World Library  
Flag as Inappropriate
Email this Article

Bolandiol

Article Id: WHEBN0036461890
Reproduction Date:

Title: Bolandiol  
Author: World Heritage Encyclopedia
Language: English
Subject: Anabolic steroid, Epitiostanol, Enestebol, Propetandrol, Tiomesterone
Collection: Anabolic Steroids
Publisher: World Heritage Encyclopedia
Publication
Date:
 

Bolandiol

Bolandiol
Identifiers
CAS number  YesY
PubChem
ChemSpider
ChEMBL
Jmol-3D images Image 1
Properties
Molecular formula C18H28O2
Molar mass 276.41 g mol−1
Except where noted otherwise, data are given for materials in their standard state (at 25 °C (77 °F), 100 kPa)

Bolandiol (19-norandrostenediol) is a synthetic anabolic steroid. It is hypothesized by interaction with androgen receptors, estrogen receptors, and progestin receptors.[1]

Bolandiol is on the World Anti-Doping Agency's list of prohibited substances,[2] and is therefore banned from use in most major sports. It is a potential metabolic precursor to nandrolone.[3] However, several clinical studies have concluded that bolandiol does not alter strength, body composition, or exercise performance.[4][5]

References

  1. ^ Attardi, BJ; Page, ST; Hild, SA; Coss, CC; Matsumoto, AM (2010). "Mechanism of action of bolandiol (19-nortestosterone-3beta,17beta-diol), a unique anabolic steroid with androgenic, estrogenic, and progestational activities". The Journal of steroid biochemistry and molecular biology 118 (3): 151–61.  
  2. ^ "The World Anti-Doping Code: The 2012 Prohibited List".  
  3. ^ Dehennin, L.; Bonnaire, Y.; Plou, Ph. (2002). "Human nutritional supplements in the horse: comparative effects of 19-norandrostenedione and 19-norandrostenediol on the 19-norsteroid profile and consequences for doping control". Journal of Chromatography, B: Analytical Technologies in the Biomedical and Life Sciences 766 (2): 257–263.  
  4. ^ Van Gammeren, D; Falk, D; Antonio, J (2001). "The effects of supplementation with 19-nor-4-androstene-3,17-dione and 19-nor-4-androstene-3,17-diol on body composition and athletic performance in previously weight-trained male athletes". European journal of applied physiology 84 (5): 426–31.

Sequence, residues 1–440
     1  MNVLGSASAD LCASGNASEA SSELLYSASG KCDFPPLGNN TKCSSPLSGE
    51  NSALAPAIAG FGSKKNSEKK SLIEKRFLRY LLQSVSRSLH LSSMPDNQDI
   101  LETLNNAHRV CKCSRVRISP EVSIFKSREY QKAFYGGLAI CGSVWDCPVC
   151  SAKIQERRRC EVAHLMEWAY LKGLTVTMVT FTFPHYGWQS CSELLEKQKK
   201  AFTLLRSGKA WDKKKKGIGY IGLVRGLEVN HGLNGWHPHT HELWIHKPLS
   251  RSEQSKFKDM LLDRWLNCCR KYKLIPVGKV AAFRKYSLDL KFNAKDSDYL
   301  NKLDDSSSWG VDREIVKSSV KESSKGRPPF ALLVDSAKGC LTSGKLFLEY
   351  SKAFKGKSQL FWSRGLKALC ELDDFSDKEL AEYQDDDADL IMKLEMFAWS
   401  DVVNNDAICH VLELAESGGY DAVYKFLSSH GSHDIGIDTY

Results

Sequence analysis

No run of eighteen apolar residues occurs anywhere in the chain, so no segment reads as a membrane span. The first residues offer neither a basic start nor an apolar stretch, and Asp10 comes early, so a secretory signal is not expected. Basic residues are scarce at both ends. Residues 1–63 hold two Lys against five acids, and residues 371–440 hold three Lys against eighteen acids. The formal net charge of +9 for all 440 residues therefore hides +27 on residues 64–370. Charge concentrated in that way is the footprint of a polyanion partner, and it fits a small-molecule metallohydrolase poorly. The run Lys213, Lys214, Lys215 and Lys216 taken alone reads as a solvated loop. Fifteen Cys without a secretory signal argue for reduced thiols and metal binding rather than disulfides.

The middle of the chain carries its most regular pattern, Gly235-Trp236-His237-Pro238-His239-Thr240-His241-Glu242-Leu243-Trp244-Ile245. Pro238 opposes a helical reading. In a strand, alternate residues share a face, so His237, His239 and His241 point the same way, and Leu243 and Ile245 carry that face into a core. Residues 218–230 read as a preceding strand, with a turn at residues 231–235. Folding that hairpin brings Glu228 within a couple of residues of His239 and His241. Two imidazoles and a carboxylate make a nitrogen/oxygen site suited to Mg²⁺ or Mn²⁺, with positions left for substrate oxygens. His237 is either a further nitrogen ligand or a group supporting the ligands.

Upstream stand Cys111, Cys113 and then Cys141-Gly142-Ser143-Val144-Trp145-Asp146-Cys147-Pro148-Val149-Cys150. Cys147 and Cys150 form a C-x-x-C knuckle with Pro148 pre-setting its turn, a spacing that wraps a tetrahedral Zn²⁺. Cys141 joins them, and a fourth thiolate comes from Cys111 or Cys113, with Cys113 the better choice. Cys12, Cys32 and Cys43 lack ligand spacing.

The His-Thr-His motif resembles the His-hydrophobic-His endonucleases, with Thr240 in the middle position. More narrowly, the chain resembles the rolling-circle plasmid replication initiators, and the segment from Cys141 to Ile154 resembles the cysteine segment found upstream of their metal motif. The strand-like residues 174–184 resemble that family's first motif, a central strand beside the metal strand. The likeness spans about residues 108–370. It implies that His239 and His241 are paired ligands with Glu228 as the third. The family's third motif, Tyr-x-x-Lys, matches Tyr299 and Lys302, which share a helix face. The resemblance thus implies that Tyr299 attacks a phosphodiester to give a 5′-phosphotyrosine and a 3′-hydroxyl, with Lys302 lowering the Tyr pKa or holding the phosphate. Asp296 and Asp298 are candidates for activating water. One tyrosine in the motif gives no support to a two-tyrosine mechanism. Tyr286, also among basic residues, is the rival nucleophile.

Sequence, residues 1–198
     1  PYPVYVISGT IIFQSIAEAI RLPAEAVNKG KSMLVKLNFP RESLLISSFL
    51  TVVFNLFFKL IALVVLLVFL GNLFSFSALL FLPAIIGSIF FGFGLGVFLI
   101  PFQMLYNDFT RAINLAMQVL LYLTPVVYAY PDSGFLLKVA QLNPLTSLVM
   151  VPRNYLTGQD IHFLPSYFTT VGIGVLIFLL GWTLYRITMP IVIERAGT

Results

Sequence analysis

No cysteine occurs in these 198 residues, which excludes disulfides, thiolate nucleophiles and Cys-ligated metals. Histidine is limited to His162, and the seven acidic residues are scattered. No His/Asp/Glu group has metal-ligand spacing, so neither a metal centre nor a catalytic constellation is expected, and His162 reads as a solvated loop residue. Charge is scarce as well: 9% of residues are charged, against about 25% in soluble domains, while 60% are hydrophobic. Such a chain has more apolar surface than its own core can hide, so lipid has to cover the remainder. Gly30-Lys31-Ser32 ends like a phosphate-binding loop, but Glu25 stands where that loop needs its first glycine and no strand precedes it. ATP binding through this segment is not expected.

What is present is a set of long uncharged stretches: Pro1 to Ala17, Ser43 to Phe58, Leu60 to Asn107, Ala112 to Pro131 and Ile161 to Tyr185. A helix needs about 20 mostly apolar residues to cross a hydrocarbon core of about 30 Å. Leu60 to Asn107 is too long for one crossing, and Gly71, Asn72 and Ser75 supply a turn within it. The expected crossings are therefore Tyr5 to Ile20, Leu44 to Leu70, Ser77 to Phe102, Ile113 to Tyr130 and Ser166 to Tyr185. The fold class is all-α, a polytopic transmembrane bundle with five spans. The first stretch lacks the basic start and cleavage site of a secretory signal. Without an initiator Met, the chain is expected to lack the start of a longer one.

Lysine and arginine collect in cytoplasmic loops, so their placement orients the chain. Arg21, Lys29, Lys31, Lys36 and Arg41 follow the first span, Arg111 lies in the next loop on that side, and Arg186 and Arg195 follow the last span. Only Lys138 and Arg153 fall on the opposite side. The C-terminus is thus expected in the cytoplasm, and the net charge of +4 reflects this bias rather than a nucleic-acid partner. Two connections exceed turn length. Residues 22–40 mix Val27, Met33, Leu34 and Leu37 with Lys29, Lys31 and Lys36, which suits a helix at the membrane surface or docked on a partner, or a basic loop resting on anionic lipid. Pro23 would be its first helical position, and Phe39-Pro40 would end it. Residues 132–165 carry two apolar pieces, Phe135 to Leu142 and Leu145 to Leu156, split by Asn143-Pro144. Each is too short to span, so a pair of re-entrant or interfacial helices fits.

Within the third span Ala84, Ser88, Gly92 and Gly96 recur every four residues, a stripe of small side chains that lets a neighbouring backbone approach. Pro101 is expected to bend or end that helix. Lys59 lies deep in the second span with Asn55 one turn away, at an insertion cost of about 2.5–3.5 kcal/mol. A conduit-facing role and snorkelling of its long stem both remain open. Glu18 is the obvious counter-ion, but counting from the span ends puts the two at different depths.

5. ^ Van Gammeren, D; Falk, D; Antonio, J (2002). "Effects of norandrostenedione and norandrostenediol in resistance-trained men". Nutrition 18 (9): 734–7.  
This article was sourced from Creative Commons Attribution-ShareAlike License; additional terms may apply. World Heritage Encyclopedia content is assembled from numerous content providers, Open Access Publishing, and in compliance with The Fair Access to Science and Technology Research Act (FASTR), Wikimedia Foundation, Inc., Public Library of Science, The Encyclopedia of Life, Open Book Publishers (OBP), PubMed, U.S. National Library of Medicine, National Center for Biotechnology Information, U.S. National Library of Medicine, National Institutes of Health (NIH), U.S. Department of Health & Human Services, and USA.gov, which sources content from all federal, state, local, tribal, and territorial government publication portals (.gov, .mil, .edu). Funding for USA.gov and content contributors is made possible from the U.S. Congress, E-Government Act of 2002.
 
Crowd sourced content that is contributed to World Heritage Encyclopedia is peer reviewed and edited by our editorial staff to ensure quality scholarly research articles.
 
By using this site, you agree to the Terms of Use and Privacy Policy. World Heritage Encyclopedia™ is a registered trademark of the World Public Library Association, a non-profit organization.
 


Copyright © World Library Foundation. All rights reserved. eBooks from Project Gutenberg are sponsored by the World Library Foundation,
a 501c(4) Member's Support Non-Profit Organization, and is NOT affiliated with any governmental agency or department.